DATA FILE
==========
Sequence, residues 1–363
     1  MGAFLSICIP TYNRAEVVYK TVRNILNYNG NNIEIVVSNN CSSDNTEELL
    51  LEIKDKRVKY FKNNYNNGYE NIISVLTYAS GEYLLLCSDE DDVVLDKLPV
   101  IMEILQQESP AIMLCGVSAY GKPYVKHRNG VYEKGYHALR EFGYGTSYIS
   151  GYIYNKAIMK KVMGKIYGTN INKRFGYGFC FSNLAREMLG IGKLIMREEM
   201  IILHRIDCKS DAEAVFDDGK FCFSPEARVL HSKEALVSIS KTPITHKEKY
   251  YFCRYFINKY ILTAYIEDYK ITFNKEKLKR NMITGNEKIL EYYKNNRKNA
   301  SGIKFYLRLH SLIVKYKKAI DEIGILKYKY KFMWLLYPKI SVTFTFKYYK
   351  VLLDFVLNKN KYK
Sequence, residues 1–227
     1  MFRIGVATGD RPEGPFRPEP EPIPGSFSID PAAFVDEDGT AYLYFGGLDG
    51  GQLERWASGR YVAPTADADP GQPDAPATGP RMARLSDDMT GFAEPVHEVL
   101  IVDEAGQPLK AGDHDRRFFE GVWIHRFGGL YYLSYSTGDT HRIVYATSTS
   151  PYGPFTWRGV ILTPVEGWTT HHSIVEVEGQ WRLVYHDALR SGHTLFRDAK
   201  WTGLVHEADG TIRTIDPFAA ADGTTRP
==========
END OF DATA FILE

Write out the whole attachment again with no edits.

Sequence, residues 1–363
     1  MGAFLSICIP TYNRAEVVYK TVRNILNYNG NNIEIVVSNN CSSDNTEELL
    51  LEIKDKRVKY FKNNYNNGYE NIISVLTYAS GEYLLLCSDE DDVVLDKLPV
   101  IMEILQQESP AIMLCGVSAY GKPYVKHRNG VYEKGYHALR EFGYGTSYIS
   151  GYIYNKAIMK KVMGKIYGTN INKRFGYGFC FSNLAREMLG IGKLIMREEM
   201  IILHRIDCKS DAEAVFDDGK FCFSPEARVL HSKEALVSIS KTPITHKEKY
   251  YFCRYFINKY ILTAYIEDYK ITFNKEKLKR NMITGNEKIL EYYKNNRKNA
   301  SGIKFYLRLH SLIVKYKKAI DEIGILKYKY KFMWLLYPKI SVTFTFKYYK
   351  VLLDFVLNKN KYK
Sequence, residues 1–227
     1  MFRIGVATGD RPEGPFRPEP EPIPGSFSID PAAFVDEDGT AYLYFGGLDG
    51  GQLERWASGR YVAPTADADP GQPDAPATGP RMARLSDDMT GFAEPVHEVL
   101  IVDEAGQPLK AGDHDRRFFE GVWIHRFGGL YYLSYSTGDT HRIVYATSTS
   151  PYGPFTWRGV ILTPVEGWTT HHSIVEVEGQ WRLVYHDALR SGHTLFRDAK
   201  WTGLVHEADG TIRTIDPFAA ADGTTRP